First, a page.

After Hurricane Katrina hit New Orleans in 2005, the task of rebuilding a devastated city was far from easy. University of Kentucky lecturer Mike McKay felt the need to go and help with a task that was anything but easy: rebuilding the devastated city. McKay moved to Louisiana for two years to lead the architecture school’s Knoa Studio, a program that tasked studios to develop designs for neighborhoods, restaurants, and the city transit system.
The 1,000-square-foot pavilion was completed in 2009 as a volunteer structure and tool shed–though today its used far more by the public than initially anticipated. “The garden was wiped out after the storm,” McKay recalls. “There was nothing, zero. Volunteers came in and replanted everything.” Photo by Frank Doering.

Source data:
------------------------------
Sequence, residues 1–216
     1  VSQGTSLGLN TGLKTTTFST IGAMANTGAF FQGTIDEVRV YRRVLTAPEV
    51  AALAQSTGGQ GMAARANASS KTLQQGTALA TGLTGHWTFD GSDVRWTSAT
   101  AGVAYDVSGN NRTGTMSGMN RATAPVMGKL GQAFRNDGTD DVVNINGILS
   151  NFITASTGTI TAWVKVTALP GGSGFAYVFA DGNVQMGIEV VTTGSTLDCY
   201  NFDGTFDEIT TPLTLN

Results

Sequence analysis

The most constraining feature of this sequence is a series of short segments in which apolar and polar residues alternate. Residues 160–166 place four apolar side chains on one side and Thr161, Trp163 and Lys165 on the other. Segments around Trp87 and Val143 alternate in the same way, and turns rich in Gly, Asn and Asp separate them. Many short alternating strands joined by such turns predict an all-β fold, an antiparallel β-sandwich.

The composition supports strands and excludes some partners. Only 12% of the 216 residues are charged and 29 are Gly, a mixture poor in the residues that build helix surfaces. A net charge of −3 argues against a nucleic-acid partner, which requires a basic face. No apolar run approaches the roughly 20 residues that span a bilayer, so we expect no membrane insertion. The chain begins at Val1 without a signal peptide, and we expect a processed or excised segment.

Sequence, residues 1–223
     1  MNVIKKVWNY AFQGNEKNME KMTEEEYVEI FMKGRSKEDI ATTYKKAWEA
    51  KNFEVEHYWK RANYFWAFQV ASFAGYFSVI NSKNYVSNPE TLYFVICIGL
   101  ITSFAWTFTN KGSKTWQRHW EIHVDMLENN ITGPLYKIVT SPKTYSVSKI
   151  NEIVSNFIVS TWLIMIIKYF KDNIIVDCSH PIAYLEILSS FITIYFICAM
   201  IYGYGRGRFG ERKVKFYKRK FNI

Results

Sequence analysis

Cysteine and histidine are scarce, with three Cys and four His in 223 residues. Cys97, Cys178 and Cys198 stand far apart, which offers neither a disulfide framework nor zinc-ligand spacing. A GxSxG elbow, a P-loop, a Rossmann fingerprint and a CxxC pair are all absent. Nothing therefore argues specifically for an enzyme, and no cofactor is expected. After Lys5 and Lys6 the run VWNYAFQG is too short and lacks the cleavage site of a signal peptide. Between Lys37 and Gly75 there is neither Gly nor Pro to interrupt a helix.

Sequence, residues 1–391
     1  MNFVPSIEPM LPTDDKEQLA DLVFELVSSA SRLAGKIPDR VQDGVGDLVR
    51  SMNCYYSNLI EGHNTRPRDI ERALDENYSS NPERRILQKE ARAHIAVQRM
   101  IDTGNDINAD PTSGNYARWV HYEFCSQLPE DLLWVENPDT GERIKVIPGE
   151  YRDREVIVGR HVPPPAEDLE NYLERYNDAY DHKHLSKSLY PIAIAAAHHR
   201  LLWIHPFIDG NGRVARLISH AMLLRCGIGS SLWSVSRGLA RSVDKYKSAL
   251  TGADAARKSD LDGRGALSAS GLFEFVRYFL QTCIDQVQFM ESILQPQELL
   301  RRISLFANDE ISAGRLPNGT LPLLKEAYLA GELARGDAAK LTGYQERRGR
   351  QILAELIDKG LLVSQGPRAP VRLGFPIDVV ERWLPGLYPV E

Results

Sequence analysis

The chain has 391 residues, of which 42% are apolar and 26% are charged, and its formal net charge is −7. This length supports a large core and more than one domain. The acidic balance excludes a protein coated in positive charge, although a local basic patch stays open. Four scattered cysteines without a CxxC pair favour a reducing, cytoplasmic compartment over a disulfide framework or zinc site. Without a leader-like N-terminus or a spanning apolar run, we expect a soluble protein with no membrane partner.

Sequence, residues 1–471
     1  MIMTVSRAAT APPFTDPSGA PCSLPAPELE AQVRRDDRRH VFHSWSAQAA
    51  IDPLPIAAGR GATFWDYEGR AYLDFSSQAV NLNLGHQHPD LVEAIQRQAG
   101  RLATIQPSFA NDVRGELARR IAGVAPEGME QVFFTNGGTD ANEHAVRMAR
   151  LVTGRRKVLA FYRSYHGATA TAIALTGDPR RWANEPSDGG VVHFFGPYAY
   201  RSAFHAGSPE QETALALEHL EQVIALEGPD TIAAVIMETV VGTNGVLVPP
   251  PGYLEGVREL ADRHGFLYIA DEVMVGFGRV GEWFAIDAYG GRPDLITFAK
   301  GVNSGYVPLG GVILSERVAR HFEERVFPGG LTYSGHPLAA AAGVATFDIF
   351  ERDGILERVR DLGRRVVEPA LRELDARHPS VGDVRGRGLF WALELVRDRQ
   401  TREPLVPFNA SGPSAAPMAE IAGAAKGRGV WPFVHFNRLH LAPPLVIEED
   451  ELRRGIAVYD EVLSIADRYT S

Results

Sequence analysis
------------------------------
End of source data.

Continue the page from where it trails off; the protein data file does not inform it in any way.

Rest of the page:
McKay devised a modular system of arches that would define the open-air structure. Using the donated cypress and aluminum, he created six wall-and-roof modules and slid them closer together or further apart to accomodate the existing trees and roots. “Because there are so many trees on the site, we had to negotiate a system in the initial design phase,” McKay says. “When we were constructing the pavilion, if we hit a root, and we did, we could just move the modular without it affecting the overall design or construction.”